'Is this the gullet?'

In what circumstances would you expect to ask this question? In your first anatomy class? When trying your hand at interpreting x-rays? Playing Operation?

Any or all of the above are acceptable. But absolutely, definitely not when you are referring to a patient with oesophageal cancer. In her hearing. Just before as she is about to go in for surgery.

As well as being an MDU medico-legal adviser, I am a consultant anaesthetist. Several years ago, I was preparing this particular patient for surgery in the anaesthetic room when two medical students charged in, laughing and jostling each other. One of our heroic duo saw the patient being helped on to the operating table and asked me... you've guessed it...'Is this the gullet? We're here to observe.'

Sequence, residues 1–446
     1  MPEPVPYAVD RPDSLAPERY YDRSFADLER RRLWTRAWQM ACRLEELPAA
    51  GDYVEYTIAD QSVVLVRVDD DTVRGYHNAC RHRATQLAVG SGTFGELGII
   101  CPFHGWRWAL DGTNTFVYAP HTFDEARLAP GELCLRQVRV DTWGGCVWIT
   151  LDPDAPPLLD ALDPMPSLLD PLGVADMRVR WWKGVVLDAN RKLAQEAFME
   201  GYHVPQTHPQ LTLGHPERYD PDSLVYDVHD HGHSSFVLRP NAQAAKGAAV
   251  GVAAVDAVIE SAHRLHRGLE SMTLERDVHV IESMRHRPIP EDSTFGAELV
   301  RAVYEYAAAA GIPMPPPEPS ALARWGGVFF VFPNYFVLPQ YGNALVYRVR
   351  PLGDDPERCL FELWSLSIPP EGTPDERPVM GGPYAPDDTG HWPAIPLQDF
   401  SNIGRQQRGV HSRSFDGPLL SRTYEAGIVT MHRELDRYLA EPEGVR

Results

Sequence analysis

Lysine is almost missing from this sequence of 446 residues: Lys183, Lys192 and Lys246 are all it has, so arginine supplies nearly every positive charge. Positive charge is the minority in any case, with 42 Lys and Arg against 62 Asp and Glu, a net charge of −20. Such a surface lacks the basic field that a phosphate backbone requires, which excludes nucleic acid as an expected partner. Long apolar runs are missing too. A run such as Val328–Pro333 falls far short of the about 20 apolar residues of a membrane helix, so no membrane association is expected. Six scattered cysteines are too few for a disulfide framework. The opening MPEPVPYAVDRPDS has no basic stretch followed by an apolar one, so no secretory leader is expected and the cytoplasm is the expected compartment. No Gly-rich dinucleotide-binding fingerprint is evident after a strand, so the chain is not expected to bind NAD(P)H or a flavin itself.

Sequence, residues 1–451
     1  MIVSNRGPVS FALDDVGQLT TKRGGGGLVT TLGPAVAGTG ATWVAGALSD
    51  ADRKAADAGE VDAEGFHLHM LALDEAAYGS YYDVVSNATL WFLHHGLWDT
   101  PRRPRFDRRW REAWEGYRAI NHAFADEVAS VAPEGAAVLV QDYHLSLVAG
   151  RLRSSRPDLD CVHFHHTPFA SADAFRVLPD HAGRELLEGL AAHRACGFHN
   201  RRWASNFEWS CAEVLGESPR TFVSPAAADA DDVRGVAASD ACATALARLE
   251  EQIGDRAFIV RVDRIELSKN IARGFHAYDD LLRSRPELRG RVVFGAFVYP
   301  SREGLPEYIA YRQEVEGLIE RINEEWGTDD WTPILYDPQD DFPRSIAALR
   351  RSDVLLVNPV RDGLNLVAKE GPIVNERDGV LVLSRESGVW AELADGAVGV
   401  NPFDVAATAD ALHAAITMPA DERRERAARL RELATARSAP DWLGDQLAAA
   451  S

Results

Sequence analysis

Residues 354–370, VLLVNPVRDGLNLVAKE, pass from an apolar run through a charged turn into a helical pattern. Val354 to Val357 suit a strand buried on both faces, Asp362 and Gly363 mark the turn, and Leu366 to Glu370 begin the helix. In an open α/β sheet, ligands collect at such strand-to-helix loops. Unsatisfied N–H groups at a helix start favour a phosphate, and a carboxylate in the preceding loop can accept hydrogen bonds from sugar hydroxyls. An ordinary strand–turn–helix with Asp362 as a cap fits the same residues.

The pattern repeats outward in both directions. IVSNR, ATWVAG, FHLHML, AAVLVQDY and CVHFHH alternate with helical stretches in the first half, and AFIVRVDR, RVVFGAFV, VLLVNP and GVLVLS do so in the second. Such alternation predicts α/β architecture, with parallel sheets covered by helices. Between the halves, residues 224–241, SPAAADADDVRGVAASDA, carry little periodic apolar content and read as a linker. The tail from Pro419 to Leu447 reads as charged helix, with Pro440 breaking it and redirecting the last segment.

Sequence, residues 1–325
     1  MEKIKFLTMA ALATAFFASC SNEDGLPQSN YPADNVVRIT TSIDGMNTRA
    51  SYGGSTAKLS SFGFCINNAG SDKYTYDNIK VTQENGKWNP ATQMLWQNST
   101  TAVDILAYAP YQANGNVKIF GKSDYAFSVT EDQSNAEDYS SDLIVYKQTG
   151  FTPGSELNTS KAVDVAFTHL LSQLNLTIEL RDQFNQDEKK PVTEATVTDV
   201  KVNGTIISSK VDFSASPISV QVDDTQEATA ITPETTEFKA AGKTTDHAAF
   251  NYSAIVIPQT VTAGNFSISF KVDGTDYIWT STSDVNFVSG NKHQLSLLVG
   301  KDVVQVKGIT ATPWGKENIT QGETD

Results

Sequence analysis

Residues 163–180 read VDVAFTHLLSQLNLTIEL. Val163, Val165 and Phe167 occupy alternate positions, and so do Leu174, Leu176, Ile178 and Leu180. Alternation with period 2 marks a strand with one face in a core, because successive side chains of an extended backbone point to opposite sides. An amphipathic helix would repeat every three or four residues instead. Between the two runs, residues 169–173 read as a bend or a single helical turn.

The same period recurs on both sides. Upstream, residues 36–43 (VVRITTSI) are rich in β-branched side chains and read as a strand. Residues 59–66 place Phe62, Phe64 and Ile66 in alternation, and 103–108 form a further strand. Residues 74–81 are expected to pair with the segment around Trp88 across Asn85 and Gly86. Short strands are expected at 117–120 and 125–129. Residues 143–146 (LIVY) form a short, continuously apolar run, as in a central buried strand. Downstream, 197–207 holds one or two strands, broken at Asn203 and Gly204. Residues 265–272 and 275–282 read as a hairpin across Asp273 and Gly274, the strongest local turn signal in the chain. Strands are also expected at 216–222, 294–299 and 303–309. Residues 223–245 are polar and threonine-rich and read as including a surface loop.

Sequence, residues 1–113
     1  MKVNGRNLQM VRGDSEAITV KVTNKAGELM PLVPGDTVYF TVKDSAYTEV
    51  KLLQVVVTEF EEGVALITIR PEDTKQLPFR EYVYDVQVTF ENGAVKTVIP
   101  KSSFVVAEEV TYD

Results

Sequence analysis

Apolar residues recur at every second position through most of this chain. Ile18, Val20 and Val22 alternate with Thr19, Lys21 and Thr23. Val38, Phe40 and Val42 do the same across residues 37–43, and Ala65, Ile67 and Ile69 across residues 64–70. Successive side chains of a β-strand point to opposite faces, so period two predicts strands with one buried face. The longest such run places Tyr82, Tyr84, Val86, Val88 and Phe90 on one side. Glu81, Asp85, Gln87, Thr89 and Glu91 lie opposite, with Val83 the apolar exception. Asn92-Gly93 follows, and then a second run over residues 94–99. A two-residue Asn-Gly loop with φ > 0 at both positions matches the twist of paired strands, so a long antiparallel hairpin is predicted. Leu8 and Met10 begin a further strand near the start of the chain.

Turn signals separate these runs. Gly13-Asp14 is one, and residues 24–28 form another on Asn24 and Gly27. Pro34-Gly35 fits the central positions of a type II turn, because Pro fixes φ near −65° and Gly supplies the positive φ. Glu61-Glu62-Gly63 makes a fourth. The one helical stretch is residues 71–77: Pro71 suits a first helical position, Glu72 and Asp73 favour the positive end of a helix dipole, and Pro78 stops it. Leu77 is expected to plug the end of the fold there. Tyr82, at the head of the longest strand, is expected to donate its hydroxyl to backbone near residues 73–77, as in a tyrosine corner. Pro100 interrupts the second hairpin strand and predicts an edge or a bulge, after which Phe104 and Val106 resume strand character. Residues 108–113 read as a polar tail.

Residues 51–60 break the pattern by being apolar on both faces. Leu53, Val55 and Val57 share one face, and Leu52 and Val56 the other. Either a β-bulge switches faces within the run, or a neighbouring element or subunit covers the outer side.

So wrong. On so many levels.

First, the patient was seriously ill, frail and scared. She was about to undergo a serious operation to remove a life-threatening tumour.

Tip 1 - remember empathy: never talk about a patient in the third person when they are in the same room, or in such a disparaging way.

Second, the first words the students should have uttered were their names, as they introduced themselves to the anaesthetic team. Then they should have asked if they could observe.

Tip 2 - remember to ask: it is always a good idea to communicate with the doctors you are working with or wish to shadow. Do not assume you can just barge in and observe - ask permission!

Third, they should then have spoken to the patient directly, asking her if she minded them watching the procedure.

Tip 3 - remember manners: the patient has the final say in whether you can watch her operation.